“Ban the Box” Coming to the City of St. Louis

February 12, 2020 Advisory

The City of St. Louis has passed an ordinance that bars covered employers from (1) asking an applicant to disclose criminal history information on an initial application and (2) making promotion decisions based on criminal history. The ordinance takes effect on Jan. 1, 2021, and will apply to private employers with 10 or more employees.

When hiring, a covered employer may run a background check only after interviewing a qualified applicant. Furthermore, employers cannot rely on prior convictions or arrests to deny initial employment or promotion, unless the employment decision is: (1) “based on all information available including the frequency, recentness and severity of the criminal history,” and (2) the criminal history “is reasonably related to or bears upon the duties and responsibilities of the job position.”

The law also prohibits:

  • publishing job advertisements that exclude applicants based on criminal history;
  • including statements in application forms that exclude applicants based on criminal history;
  • asking applicants to disclose criminal history during the initial hiring process; and
  • taking affirmative steps to review publicly available information about an applicant’s criminal history.

These prohibitions generally do not apply to positions that are subject to federal, state or local laws that restrict hiring employees with criminal history.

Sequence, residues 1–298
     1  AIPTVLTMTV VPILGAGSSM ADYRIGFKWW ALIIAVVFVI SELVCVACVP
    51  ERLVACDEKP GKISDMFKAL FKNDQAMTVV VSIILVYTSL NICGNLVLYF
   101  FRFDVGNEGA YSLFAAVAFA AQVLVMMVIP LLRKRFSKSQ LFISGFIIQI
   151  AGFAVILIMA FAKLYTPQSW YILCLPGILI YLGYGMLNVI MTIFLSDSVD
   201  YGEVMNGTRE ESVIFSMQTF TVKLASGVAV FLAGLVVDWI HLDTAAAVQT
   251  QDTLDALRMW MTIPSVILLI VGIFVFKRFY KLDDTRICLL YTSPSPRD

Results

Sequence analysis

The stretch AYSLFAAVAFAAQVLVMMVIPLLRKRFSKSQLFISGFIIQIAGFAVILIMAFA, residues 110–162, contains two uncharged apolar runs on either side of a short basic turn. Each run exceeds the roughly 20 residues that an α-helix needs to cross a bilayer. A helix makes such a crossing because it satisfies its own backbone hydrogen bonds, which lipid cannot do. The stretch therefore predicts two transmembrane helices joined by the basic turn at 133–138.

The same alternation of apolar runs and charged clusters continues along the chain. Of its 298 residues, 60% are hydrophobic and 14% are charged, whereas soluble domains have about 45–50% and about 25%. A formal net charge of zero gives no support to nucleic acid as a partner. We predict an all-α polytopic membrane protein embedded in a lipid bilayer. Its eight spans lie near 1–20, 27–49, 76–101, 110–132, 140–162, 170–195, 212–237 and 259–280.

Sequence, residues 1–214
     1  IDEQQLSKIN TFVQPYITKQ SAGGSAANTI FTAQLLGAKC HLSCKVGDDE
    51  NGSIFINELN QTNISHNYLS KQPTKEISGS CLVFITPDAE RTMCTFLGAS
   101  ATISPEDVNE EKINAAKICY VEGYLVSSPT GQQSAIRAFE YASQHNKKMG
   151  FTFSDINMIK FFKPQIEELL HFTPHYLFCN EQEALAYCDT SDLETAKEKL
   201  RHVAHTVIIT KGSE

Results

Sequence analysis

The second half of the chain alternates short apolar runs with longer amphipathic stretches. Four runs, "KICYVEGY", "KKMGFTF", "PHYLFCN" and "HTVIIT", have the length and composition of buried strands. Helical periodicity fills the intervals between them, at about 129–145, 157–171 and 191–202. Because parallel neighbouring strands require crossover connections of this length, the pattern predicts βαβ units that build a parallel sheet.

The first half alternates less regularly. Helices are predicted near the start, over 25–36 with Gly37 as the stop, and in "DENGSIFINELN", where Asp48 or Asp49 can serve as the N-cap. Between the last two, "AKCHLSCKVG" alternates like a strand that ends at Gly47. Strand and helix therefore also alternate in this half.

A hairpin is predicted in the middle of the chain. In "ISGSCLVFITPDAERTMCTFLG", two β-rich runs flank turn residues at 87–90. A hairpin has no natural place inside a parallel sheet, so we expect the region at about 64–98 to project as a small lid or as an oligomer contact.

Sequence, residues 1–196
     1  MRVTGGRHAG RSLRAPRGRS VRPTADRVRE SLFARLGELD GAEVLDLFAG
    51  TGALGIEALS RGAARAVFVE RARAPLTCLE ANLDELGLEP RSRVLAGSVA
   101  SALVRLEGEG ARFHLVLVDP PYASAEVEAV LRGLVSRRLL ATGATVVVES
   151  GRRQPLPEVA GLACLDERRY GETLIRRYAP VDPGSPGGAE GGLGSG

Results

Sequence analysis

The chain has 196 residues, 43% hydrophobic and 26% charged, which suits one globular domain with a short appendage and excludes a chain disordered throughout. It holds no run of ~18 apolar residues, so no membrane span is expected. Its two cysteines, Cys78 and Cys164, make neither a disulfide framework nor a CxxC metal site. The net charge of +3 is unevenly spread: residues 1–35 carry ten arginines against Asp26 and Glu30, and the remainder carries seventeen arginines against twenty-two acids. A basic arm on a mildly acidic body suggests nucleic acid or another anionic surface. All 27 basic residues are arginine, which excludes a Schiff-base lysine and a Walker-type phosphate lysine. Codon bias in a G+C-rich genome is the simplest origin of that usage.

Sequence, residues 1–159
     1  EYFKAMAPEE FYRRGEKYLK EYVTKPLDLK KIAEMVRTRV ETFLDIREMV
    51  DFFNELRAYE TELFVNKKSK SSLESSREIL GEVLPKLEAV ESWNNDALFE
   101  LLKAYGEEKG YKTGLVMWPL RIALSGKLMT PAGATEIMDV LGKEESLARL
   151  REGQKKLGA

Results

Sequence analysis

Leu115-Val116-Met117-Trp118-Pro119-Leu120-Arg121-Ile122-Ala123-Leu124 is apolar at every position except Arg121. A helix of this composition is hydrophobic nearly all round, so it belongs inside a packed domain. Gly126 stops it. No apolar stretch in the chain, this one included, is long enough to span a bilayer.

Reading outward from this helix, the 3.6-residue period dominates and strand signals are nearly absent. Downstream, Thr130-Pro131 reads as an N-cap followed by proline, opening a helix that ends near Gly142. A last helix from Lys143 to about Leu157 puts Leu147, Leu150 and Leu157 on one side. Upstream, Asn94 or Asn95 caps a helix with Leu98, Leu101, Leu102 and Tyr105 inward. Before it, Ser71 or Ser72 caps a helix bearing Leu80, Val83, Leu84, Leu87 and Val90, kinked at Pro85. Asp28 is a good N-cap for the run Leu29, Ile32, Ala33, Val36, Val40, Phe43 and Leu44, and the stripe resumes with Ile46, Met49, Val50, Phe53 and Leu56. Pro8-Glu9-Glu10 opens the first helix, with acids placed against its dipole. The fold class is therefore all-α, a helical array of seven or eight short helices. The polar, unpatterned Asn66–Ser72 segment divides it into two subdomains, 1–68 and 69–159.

The ordinance contemplates a “warning” for first-time offenders, but subsequent violations could result in a fine or even revocation of an employer’s business license. The St. Louis Civil Rights Enforcement Agency will investigate complaints under the ordinance, and the License Collector’s Office will be tasked with enforcement.

This legislation is part of a larger “ban-the-box” movement. Moreover, it expands upon former St. Louis City Mayor Francis Slay’s 2014 decision to no longer require applicants seeking positions with the city government to disclose felony convictions.

Employers in St. Louis City should review their current application forms, job postings and other documents to ensure they are compliant. Armstrong Teasdale’s Employment and Labor practice routinely guides employers in their efforts to comply with developments in this area of the law.

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